I like the approach that Luminos has used while moving into Ghana: trying to understand what Ghana was already doing and not reinventing the wheel. I also like the fact that Luminos started off by partnering with the Ministry of Education at the policy level and engaging with actors on the ground, right down to the villages, to understand what the local needs are. I am glad we are working with the existing system. We are not changing anything; we are only bringing innovations and additional elements that would enrich what Ghana as a country is already doing through the Complementary Basic Education policy and programs.
Q: What’s your favorite part of your role?
I’m looking forward to monitoring classes in the communities! We’ve just launched classes and I’m looking forward to learning how it’s going to go. I want to see how young teachers are supporting learners. I also want to see how best to help the teachers better incorporate play-based learning, social and emotional learning, and a sense of personal and social responsibility in classroom activities. These elements should be incorporated in the learning so that we are not just building an individual with knowledge, but we are also building a complete human being; people who have respect for themselves and for others as well.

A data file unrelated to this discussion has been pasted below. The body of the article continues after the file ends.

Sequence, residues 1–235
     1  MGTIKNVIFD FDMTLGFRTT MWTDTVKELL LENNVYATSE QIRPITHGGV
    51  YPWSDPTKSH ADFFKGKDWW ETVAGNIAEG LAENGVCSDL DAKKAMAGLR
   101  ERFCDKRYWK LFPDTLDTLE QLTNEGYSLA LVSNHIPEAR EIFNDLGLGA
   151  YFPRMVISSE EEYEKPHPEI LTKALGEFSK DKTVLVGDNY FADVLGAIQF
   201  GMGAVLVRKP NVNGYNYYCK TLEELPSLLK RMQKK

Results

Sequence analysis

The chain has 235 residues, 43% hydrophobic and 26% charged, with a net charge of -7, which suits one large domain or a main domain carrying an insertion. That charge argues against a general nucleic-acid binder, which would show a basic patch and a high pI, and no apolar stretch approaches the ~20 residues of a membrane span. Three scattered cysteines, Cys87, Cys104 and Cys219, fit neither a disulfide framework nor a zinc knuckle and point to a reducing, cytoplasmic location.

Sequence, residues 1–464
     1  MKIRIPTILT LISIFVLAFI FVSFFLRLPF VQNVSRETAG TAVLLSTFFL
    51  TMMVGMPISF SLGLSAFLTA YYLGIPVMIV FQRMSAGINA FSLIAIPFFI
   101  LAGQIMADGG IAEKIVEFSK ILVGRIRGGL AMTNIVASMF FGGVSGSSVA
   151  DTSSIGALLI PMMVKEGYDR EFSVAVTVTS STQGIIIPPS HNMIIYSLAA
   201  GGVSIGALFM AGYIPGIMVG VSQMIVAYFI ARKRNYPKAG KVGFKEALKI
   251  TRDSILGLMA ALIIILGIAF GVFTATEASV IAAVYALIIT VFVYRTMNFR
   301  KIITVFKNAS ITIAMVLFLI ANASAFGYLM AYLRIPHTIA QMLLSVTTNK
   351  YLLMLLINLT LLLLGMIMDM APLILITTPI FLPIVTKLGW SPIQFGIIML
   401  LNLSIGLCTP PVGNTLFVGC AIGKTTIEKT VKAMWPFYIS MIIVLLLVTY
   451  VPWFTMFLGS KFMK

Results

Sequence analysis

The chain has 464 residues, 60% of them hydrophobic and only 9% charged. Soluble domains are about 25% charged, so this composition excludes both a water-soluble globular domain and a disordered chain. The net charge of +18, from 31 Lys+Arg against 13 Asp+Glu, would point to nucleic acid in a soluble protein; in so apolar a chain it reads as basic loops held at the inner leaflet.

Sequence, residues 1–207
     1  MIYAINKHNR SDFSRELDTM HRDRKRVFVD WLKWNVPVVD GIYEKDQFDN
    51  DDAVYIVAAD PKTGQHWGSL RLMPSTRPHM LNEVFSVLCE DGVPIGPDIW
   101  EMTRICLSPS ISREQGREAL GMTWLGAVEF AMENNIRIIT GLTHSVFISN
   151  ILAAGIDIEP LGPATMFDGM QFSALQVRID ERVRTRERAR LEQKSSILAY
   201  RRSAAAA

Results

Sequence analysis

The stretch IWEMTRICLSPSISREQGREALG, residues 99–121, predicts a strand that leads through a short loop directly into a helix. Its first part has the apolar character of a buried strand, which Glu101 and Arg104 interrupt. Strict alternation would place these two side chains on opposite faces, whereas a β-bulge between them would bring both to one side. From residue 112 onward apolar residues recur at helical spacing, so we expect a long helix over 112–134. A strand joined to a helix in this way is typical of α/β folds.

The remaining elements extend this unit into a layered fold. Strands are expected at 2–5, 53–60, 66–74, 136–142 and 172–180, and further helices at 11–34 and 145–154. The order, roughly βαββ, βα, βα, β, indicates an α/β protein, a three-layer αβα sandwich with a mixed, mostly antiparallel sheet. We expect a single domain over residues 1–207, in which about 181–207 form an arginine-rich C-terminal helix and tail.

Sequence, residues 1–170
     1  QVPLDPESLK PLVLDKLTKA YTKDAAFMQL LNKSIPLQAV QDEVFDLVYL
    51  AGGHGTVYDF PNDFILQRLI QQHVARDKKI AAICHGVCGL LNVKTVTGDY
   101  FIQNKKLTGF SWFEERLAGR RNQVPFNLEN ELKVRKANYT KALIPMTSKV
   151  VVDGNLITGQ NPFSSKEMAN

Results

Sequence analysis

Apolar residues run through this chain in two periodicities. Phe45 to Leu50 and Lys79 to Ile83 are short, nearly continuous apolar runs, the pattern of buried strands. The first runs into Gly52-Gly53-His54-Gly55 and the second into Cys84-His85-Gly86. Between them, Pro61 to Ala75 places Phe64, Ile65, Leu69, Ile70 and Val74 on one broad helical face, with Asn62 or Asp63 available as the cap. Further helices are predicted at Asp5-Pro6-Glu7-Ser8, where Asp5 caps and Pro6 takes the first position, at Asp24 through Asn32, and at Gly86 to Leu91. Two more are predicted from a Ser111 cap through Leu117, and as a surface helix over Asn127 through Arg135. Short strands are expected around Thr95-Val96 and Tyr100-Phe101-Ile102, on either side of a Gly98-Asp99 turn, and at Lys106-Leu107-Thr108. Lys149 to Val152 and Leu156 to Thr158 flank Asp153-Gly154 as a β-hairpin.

I’m also looking forward to engaging with parents to see how they can support these children. I am excited that we are looking at our work using a socio-ecological approach: building an effective ecosystem of support for the child. So, we have teachers, supervisors, coordinators, parents, and community leaders, and then we have other stakeholders—NGOs, etc.—all the influencers working together to support that out-of-school child who is at the center of this ecosystem. All those touchpoints need to intervene collectively so we can have a better impact on the child.